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Homes for sale in Denver area hit a record low in October with 6,312 active listings

homes for sale in denver area

Homes for sale in Denver area

Homes for sale in Denver area hit a record low in October, with 6,312 active listings, down 16.7% month-over-month and 6.22% year-over-year, according to the latest report from Denver Metro Association of Realtors. The record high was during the Great Recession, in October 2006, 29,722 listings. Even with the cooling temperatures, homebuyers demand remains strong, however, the number of homes sold decreased by 9.75% month-over-month.

Even with the number of closings dropping over the last couple of months, we are still ahead of last year as year-to-date homes sold which is up 3.3% over 2016. Average price for homes for sale in Denver area rose to $443,873, up 11.85% year-over-year while median prices were up to $380,000, up 8.8%. Also notable, luxury homes priced $1 million and over, saw a 50% increase in sales year-over-year.  In October, 158 homes sold and closed for $1 million or great, up 32.77% month-over-month and up 49% year-over-year. The closed dollar volume in October for all luxury residential was $242,929,424, up 31.71% month-over-month and up 53.74% year-over-year. Year to date, sales volume topped $2 billion, and the sale of single-family homes was up 27.67% and condos were up 60.44%.

Interesting Read

Did you know that Denver ranks no 10 among America’s coolest cities? Denver was cited for its youth, coffee shops, and beer breweries. Denver also ranks in the nation’s top 10 cities when it comes to job accessibility by mass transit.

Confused about mortgage interest? Here’s how it works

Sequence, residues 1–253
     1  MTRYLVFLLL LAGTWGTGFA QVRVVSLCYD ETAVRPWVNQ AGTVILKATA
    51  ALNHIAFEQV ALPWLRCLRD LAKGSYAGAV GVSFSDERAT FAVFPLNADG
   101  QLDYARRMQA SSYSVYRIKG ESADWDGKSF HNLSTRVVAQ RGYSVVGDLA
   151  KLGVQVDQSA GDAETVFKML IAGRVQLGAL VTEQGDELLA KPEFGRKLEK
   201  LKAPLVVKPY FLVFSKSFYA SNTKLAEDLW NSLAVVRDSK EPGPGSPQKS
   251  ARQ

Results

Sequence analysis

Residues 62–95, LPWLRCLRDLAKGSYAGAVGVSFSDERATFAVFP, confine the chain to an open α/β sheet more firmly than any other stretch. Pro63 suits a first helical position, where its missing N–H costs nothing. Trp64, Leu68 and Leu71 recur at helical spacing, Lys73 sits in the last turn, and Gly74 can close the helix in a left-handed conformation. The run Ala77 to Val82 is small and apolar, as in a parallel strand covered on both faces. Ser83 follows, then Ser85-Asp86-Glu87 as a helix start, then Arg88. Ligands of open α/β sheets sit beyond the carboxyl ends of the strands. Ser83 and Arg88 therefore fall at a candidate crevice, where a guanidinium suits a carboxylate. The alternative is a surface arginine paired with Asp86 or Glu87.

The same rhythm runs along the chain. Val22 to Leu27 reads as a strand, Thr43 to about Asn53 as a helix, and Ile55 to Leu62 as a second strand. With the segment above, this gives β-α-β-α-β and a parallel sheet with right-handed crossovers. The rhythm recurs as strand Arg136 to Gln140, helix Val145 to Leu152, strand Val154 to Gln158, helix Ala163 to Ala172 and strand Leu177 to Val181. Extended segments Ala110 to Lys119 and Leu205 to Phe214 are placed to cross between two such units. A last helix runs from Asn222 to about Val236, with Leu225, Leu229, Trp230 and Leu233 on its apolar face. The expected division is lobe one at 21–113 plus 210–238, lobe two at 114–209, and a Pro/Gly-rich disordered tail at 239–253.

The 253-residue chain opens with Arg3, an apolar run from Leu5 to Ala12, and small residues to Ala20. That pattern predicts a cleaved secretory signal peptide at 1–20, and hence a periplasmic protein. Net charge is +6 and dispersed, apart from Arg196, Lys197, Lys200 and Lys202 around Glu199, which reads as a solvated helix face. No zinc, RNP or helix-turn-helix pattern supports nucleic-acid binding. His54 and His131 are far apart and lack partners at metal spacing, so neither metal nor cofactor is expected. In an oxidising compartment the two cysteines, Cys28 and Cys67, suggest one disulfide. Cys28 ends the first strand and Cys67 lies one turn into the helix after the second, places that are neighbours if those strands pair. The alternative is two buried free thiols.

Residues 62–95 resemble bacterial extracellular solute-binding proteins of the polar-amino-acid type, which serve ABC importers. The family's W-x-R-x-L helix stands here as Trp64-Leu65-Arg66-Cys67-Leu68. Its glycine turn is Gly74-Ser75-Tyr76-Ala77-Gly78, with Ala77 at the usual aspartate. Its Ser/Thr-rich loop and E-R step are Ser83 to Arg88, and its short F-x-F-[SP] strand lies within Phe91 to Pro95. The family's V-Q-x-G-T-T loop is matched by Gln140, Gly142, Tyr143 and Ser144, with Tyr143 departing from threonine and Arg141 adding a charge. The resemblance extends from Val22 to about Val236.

As you know, any type of loan – whether it’s a mortgage or a car loan – requires you to pay interest to your lender for the use of this money while you’re paying it back.

However, the way you pay back a mortgage may be a little different from paying back other types of loans: you make your mortgage in what is called “arrears,” meaning that you pay for the use of the money after you use it.

For example, you take out a mortgage loan on April 15. At the time of closing, you will pay interest from that date through April 30.

Your first mortgage payment will typically be due on June 1 and that payment will cover the principal and interest for the month of May.

The payment due on July 1 will cover the principal and interest for the month of June, and so on until the loan is eventually paid off.

If and when you go to sell the property, even years later, the process will work itself out as in the following example:

You sell your house and the closing date falls on October 8.

You had just made the October 1 payment, which took care of the principal and interest for the month of September. So, at closing, you only pay the interest for the beginning part of the month.